• Power Factor is the ratio between the kW component and the kVA component of power, drawn by an electrical load• Where kW is the actual load power & kVA is the apparent load power• It is a measure of how effectively the current is utilized for doing useful work• In all industrial electrical distribution systems, the major loads are resistive and inductive• Typical inductive loads are A.C. Motors, induction furnaces, transformers and ballast-type lighting
a) active (or working) power to perform the work -- kWb) reactive power to create and maintain electro-magnetic fields -- kVARc) The vector sum of the active power and reactive power make up the total(or apparent) power used -- kVA
Causes of Low Power Factor1. Most of the motors used in industries are of induction type, which have low lagging pf2. Lamps, discharge lamps operate at low lagging pf3. Transformer system work at low lagging pf4. Load on the system is varying which results in decreasing or low pf
Disadvantages of Low Power Factor1. Lower the pf, higher is the load current required2. Lower the pf, kVA rating of the equipment has to be more which means the equipment has to be larger and expensive3. To transmit or distribute a fixed amount of power at constant voltage, the conductor will have to carry more current at LPF which means the conductor size has to be large4. Large current at LPF, makes I2R losses to increase which results in poor efficiency5. The lagging PF reduces the handling capacity of all elements of the system due to the reactive component of the current6. Large current at LPF causes greater voltage drops in alternators, transformers, transmission lines and distributors – poor voltage regulation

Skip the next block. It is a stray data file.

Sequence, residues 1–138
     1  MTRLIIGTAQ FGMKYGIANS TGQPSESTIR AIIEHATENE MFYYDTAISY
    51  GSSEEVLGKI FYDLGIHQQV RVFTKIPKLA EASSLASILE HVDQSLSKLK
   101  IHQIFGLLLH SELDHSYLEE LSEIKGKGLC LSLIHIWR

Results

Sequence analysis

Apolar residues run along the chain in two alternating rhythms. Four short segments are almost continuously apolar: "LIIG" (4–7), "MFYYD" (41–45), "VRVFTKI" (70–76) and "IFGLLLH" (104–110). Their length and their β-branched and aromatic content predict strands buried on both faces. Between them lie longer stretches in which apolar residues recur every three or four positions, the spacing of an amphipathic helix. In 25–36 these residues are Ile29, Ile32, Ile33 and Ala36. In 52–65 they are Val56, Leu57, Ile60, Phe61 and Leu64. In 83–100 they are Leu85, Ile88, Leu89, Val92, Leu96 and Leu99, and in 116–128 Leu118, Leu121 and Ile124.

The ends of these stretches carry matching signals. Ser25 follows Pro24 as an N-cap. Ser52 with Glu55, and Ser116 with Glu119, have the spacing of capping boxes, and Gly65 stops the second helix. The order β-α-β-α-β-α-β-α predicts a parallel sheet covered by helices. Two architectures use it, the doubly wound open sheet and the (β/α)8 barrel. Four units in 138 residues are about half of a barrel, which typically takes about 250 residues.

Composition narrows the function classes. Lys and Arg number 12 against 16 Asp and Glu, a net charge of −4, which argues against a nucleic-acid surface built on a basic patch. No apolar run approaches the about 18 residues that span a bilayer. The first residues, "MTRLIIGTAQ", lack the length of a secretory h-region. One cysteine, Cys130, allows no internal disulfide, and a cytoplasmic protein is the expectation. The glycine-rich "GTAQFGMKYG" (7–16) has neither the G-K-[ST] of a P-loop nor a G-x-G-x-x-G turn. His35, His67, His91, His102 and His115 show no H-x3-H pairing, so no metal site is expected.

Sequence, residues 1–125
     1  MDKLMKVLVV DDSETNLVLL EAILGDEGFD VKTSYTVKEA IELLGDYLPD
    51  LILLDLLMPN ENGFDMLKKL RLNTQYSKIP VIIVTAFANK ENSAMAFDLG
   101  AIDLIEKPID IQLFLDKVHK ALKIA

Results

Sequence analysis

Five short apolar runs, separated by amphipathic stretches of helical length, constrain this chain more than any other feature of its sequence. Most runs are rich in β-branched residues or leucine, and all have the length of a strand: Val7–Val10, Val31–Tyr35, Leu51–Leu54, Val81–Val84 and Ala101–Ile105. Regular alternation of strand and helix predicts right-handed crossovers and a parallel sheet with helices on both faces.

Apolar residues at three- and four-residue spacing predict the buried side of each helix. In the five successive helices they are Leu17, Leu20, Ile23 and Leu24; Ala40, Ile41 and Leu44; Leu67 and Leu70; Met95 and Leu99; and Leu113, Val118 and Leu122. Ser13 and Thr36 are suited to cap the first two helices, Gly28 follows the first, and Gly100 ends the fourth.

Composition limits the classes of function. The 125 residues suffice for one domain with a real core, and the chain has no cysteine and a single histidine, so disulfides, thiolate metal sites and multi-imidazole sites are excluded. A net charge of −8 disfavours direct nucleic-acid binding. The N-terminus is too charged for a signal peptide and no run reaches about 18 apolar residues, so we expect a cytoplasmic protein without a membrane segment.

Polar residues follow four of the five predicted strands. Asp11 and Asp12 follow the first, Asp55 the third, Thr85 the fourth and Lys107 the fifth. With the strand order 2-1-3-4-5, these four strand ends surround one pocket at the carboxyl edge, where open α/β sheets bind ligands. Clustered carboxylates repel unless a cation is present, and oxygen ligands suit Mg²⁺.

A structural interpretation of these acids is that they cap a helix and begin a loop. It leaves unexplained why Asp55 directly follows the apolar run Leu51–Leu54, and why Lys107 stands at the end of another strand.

Power Factor Improvement – Some important points• The total current is less than the original circuit current• The active component remains the same before and after pf correction i.e., I cosφ1 = I’ cosφ2• The reactive component is reduced i.e., I’ sinφ2 = I sinφ1 – Ic• Active power remains unchanged due to pf improvement since I cosφ1 = I’ cosφ2 => VI cosφ1 = VI’ cosφ2• KVAR (after pf correction) = lagging KVAR (before pf correction) – leading KVAR (after pf correction)• The capacitance of the capacitor required to improve pf from cosφ1 to cosφ2 is given by: C = IC / [ ω*V]• The leading KVAR supplied by pf correction device is given by: kW[tanφ1 - tanφ2]
Advantages of Power Factor Correction• Reduction in Electricity Bill due to reduced maximum demand• No low power factor penalty charges• Improved Voltage Level in System due to elimination of inductive current• KW capacities of prime movers, alternators, transformers and transmission lines is increased• Reduction in System losses; Efficiency of every plant increases; Overall cost per unit decreases• Voltage regulation of transmission lines increases i.e., Voltage drop in the system improves• Distribution capacity is augmented• Premature failure of motors and other inductive equipment can be
• Capacitive power factor correction is applied to circuits which include induction motors to reduce the inductive component of current
CAPACITOR RATINGS FOR POWER FACTOR CORRECTIONBY DIRECT CONNECTION TO INDUCTION MOTORS